Before any medication, vaccine, or other drug therapy reaches human use, it goes through extensive testing in the lab—often in animals, and typically in mice. This step in the evaluation process is extremely important. The way a drug affects a cluster of cells in a Petri dish often has little to do with the way it will behave inside a living organism, where multiple organ systems are at play.
The problem with dogs is that they're a lot like babies that never grow up. This is both a great strength and a huge annoyance, mostly because they can't talk. Researchers who study infant learning and behavior have to rely on other cues, like how long subjects look at an object, because asking them questions is just a big waste of time. Dogs are the same, and that makes it very difficult to come to definitive conclusions about their behavior and what it means.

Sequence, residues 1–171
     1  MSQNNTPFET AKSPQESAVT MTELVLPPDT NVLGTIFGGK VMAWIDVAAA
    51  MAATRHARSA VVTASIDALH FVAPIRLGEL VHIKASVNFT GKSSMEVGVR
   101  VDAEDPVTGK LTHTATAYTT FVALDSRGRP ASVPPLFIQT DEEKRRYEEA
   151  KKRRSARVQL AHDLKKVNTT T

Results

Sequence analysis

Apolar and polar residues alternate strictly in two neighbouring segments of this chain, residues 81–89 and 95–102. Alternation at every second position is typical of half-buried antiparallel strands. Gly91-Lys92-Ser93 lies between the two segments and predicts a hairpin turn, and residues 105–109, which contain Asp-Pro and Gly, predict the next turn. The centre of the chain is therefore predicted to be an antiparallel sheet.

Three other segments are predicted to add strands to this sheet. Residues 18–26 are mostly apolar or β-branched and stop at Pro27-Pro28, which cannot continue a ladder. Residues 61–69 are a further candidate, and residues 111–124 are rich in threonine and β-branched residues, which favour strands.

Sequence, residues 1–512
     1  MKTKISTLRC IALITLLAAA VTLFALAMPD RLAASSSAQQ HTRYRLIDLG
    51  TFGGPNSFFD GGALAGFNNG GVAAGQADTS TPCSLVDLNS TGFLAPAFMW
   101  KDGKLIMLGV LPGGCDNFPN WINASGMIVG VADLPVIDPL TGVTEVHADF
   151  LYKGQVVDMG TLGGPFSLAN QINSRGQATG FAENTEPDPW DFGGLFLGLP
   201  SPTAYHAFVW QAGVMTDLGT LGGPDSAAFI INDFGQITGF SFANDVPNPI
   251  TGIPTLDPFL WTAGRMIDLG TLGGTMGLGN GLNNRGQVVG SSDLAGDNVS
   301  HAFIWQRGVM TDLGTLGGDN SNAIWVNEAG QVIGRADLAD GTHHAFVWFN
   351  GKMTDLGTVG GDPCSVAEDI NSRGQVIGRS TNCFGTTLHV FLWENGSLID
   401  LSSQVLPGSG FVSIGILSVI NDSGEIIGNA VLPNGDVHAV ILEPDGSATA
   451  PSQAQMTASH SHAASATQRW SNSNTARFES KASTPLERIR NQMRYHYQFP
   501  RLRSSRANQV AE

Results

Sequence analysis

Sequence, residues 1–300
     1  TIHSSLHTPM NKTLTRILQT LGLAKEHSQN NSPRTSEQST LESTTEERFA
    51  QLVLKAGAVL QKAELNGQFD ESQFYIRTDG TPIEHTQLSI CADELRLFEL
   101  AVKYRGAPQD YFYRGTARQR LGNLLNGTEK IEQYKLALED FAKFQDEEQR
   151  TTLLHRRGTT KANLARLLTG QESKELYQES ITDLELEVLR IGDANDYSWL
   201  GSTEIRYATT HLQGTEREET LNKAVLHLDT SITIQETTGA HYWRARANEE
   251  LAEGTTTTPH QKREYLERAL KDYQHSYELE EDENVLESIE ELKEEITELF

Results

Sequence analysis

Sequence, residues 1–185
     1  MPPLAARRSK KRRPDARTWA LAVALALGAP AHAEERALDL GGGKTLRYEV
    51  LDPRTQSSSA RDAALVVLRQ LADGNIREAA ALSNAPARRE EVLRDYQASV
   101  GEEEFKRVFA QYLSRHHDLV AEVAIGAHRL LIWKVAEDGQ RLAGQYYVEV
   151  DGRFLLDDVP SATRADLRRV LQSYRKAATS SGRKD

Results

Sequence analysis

Hollywood's latest disaster flick, “Geostorm,” is premised on the idea that humans have figured out how to control the Earth's climate. A powerful satellite-based technology allows users to fine-tune the weather, overcoming the ravages of climate change. Everyone, everywhere can quite literally “have a nice day,” until—spoiler alert!—things do not go as planned.